Angle Question

• Jan 2nd 2006, 04:02 PM
CrimesofParis
Angle Question
So I have two angle problems...

sin2x = 2cosxcos2x ; which becomes
0 = 2cosxcos2x - sin2x
0 = 2cosxcos2x - 2sinxcosx
0 = 2cosx(cos2x - sin x)

so either

2cosx = 0 OR cos2x - sinx = 0

Thank you.
• Jan 2nd 2006, 05:30 PM
ThePerfectHacker
Quote:

Originally Posted by CrimesofParis
So I have two angle problems...

sin2x = 2cosxcos2x ; which becomes
0 = 2cosxcos2x - sin2x
0 = 2cosxcos2x - 2sinxcosx
0 = 2cosx(cos2x - sin x)

so either

2cosx = 0 OR cos2x - sinx = 0

Thank you.

Okay you did everything correctly up till now. Now you are required to solved for $\displaystyle x$.
The first one $\displaystyle 2\cos x=0$. Divide by two,
$\displaystyle \cos x=0$, now you need to know when $\displaystyle \cos x$ is zero. That is when $\displaystyle x=90,270$ as two non-coterminal angels. To find all solutions it is the same as $\displaystyle x=90+360k$ and $\displaystyle x=270+360k=-90+360+360k=-90+360(1+k)$ where $\displaystyle k$ is any integer. Because as you know that addition and subtraction of 360 keeps the trigonometric function of that angel the same. But $\displaystyle k+1$ is also an integer. Thus, all solutions for $\displaystyle x$ have form. $\displaystyle x=(-1)^{k+1}90+360k, k \epsilon Z$ or in radian form $\displaystyle x=(-1)^{k+1}\frac{\pi}{2}+2\pi k,k \epsilon Z$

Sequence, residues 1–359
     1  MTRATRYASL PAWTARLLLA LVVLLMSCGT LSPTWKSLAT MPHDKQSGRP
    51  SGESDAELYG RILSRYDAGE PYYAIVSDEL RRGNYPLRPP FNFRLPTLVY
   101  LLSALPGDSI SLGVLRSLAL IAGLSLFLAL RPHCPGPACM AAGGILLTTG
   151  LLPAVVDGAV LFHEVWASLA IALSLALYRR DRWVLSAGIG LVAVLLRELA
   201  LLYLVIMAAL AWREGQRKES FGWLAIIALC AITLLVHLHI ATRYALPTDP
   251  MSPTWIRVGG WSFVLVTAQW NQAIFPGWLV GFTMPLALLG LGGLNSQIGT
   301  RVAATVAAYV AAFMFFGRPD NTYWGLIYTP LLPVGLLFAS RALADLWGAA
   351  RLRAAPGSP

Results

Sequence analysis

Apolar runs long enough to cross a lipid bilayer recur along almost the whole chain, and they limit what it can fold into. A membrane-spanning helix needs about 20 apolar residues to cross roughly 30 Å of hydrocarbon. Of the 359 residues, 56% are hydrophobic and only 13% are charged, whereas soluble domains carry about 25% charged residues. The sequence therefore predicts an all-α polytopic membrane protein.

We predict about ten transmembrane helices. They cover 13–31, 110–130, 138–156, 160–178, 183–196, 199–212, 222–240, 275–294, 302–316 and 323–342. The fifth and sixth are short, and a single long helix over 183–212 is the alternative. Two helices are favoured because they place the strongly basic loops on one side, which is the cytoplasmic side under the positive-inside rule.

• Jan 2nd 2006, 05:47 PM
ThePerfectHacker
$\displaystyle \cos 2x-\sin x=0$
Use the identity
$\displaystyle 1-2\sin^2x=\cos 2x$
Thus,
$\displaystyle 1-2\sin^2x-\sin x=0$
Change signs,
$\displaystyle 2\sin^2x+\sin x-1=0$
Factor,
$\displaystyle (2\sin x-1)(\sin x +1)=0$
Now each one is set to zero,
$\displaystyle 2\sin x-1=0$
Thus,
$\displaystyle \sin x=\frac{1}{2}$
That is when $\displaystyle x=30,150$ as the only two non-coterminal angels. Thus all solution have form $\displaystyle x=30+360k, 150+360k$ But,
$\displaystyle x=30+360k=30+180(2k)$
$\displaystyle x=150+360k=-30+180(2k+1)$
Thus, all solutions have form $\displaystyle x=(-1)^k30+180k$ or in radian form $\displaystyle x=(-1)^k\frac{\pi}{6}+\pi k,k \epsilon Z$
• Jan 2nd 2006, 05:55 PM
ThePerfectHacker
Finally the last factor equal to zero, (of the quadratic)
$\displaystyle \sin x+1=0$
Thus,
$\displaystyle \sin x=-1$ That happens when $\displaystyle x=270$ and that is the only non-coterminal angle. Thus all solutions have form $\displaystyle x=270+360k$. But $\displaystyle 270+360k=-90+360+360k=-90+360(k+1)$.
Thus, all solutions are $\displaystyle x=-90+360k$. Or in radian form $\displaystyle x=-\frac{\pi}{2}+2\pi k,k\epsilon Z$.

If you have difficulty understanding all that manipulating after the solutions just understand that by adding 360 or subtracting 360 you change nothing. Thus, those are all the solutions. All I did was manipulated into a more elegant form.
• Jan 2nd 2006, 06:36 PM
CrimesofParis
Thank you so much, that pretty much answers my questions, except I forgot to mention the answer has to be radians, so I should be able to covert the middle steps to radians. But thank you.